Porsche 911 cornering

I was recently on a magazine shoot with this stunning restored 1973 Porsche 911 Targa in the home counties around London.It’s often difficult to find decent driving roads to shoot the necessary action shots required for a full feature shoot in the South East so it was a great to find this open corner on a common just a few miles from the owner’s home.

This sequence shows how the car progresses through the corner.I use my Canon EOS 5DSR set to high speed motor-drive mode for cornering but only shoot in short bursts of 4-6 frames as the files are large and buffering occurs. The shot above shows the approach to the corner which was a full 90 degree bend.

The idea of a cornering shot if to show the handling capabilities of the car and the critical point where this is best demonstrated is when the car changes direction from coming towards you in the frame to crossing the viewfinder. The frame above with this head on view is not quite there.

Without panning you’ll need a shutter speed of 1/500th second or more to freeze the car.The faster the speed of the car the faster you’ll need to set your shutter speed, up to about 1/1250th second when the car will be frozen and look like it’s parked on the corner if you are not careful.This was a fairly slow corner so I shot it at 1/640th second which at 200ASA on a cloudy day gave me an aperture of F5.6 on my 70-300mm lens. The frame above here is nearly there.

You will need a good driver to get the best out of a cornering shot. We didn’t want tail hanging out …loss of grip doesn’t show handling and the road wasn’t suitable here. Ideally you’ll want to get a low perspective and be able to see all four wheels. The shot above is usable but improving…..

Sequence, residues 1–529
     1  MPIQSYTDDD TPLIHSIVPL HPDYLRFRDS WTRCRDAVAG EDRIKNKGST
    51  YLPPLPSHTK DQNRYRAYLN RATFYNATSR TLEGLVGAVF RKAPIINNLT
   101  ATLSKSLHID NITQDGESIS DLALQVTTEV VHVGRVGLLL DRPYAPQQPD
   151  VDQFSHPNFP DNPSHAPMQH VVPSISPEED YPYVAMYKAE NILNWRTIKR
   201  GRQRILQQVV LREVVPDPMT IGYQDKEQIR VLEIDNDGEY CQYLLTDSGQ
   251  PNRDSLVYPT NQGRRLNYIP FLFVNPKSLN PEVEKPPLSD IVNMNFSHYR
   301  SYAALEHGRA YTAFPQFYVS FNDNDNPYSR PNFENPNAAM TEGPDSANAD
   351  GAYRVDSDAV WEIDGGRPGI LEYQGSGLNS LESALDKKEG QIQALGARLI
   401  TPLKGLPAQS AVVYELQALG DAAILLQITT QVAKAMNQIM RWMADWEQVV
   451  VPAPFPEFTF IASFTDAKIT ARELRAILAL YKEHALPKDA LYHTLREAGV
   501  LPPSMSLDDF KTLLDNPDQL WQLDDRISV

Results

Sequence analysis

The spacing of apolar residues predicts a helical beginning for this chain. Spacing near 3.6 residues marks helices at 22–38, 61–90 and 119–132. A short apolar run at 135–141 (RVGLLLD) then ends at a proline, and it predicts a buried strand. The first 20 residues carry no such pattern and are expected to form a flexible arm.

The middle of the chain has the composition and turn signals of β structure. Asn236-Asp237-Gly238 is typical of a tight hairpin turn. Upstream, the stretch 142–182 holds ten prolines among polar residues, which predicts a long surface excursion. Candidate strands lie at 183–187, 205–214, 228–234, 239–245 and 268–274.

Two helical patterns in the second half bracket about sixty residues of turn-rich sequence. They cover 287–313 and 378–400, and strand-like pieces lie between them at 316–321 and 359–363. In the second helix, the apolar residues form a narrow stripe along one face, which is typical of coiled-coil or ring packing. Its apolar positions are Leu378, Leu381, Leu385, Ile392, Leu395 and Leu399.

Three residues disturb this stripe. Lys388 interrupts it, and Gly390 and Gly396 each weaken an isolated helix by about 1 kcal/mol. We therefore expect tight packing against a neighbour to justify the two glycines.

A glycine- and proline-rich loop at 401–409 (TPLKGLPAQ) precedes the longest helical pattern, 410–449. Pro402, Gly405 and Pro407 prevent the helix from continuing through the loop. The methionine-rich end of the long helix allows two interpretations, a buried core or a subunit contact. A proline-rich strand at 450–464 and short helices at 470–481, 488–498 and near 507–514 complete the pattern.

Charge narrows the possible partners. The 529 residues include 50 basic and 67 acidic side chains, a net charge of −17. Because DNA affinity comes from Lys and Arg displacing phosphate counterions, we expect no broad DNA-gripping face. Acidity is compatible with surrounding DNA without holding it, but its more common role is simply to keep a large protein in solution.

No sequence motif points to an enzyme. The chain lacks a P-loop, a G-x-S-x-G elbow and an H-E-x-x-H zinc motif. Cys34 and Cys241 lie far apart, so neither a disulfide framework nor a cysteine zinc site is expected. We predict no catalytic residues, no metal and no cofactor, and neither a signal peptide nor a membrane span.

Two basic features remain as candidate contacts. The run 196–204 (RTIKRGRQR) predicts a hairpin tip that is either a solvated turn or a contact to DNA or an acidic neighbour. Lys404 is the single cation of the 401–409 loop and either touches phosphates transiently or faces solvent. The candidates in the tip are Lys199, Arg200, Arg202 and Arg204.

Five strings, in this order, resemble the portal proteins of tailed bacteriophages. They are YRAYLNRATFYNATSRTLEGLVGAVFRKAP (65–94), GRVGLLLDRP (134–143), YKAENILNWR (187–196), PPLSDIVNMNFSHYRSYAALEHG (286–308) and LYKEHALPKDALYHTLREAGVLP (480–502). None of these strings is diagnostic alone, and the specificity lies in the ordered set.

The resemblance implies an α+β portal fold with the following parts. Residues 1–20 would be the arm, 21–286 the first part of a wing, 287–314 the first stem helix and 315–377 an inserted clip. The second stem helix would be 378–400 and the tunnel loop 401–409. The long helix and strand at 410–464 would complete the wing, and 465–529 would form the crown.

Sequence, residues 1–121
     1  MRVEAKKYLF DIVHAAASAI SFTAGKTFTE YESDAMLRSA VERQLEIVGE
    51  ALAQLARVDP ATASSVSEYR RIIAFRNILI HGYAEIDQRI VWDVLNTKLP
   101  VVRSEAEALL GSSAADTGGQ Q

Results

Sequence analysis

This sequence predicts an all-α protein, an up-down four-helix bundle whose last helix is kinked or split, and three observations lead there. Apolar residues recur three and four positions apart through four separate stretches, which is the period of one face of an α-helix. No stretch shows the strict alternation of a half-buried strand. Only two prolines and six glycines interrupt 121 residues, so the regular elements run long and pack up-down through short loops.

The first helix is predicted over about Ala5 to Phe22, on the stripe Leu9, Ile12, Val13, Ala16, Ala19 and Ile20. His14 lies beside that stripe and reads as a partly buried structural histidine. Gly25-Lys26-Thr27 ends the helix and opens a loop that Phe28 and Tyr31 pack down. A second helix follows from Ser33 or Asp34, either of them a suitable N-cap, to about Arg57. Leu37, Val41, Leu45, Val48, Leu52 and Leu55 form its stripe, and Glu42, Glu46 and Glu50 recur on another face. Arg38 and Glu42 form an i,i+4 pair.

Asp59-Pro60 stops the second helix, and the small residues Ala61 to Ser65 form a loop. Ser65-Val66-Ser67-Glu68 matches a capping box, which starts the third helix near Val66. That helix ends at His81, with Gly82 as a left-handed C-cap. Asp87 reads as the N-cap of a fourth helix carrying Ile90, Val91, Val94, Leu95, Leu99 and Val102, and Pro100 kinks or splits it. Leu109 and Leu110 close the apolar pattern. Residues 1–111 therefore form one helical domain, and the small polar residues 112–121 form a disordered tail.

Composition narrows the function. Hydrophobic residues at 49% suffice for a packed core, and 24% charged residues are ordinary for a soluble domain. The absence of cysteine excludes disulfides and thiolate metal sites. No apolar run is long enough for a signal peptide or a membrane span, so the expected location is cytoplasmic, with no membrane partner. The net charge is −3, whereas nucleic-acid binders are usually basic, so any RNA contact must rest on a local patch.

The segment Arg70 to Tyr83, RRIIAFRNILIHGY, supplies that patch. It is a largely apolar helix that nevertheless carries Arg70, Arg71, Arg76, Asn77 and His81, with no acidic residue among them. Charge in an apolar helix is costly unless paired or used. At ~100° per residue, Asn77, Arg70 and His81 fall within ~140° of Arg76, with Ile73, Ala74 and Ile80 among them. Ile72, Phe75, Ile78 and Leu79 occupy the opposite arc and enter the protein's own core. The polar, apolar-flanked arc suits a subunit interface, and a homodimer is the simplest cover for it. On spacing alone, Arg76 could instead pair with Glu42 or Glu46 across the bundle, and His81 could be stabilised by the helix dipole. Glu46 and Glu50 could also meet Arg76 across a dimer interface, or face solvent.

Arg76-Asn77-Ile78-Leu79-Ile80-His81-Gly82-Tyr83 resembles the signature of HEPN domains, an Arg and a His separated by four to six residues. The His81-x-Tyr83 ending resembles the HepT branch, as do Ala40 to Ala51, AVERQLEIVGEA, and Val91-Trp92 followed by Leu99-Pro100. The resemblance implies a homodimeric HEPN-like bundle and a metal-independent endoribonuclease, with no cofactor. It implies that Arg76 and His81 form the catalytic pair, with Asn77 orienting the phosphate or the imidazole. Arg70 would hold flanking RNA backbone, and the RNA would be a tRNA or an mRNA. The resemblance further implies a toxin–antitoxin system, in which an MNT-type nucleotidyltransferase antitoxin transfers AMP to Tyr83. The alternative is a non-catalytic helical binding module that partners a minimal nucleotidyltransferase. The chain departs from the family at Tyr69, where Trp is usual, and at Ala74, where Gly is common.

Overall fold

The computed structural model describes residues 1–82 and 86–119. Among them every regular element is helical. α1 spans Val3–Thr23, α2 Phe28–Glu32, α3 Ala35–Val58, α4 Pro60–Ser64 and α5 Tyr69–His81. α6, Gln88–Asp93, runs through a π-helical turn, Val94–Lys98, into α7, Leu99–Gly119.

Porsche corner-1
Porsche corner final

…to this frame which shows the front inner wheel almost lifting and a 3/4 view of the car pin sharp with with the tyres blurred.

Documenting a restoration

One of the best ways to record the restoration of a classic car is to take photographs along the way. Not only will your pictures be a great part of the future history of the car but they may help you put it back together again afterwards.

Porsche 356 restoration
Porsche 356 restoration

If you get the chance shoot some photos of the car before it is dismantled and don’t be shy about including people involved in the work in your images as it brings them to life.

Porsche 356 restoration-2
Porsche 356 restoration-2- 1/8th second f8

Remember you are creating a record with your images so make sure you shoot all angles and try to catch as many of the processes as you can.Many workshops can be a bit dark so use a tripod , crank up the ASA and fill in the foreground with flash. Don’t get to close to any dangerous grinding or cutting and never look directly at any welding or you may damage your eyes.

Porsche 356 restoration-3
Porsche 356 restoration-3- 1/30th second f5.6

Ask the craftsman to pause if he can so you can catch the image. Mix up your angles and lenses to keep your pictures interesting and don’t be afraid to go in close….if it is safe.

Porsche 356 restoration-4
Porsche 356 restoration-4-1/15th second f8

Don’t worry too much about your white balance, it is more important to get a set of accurate images to document the restoration.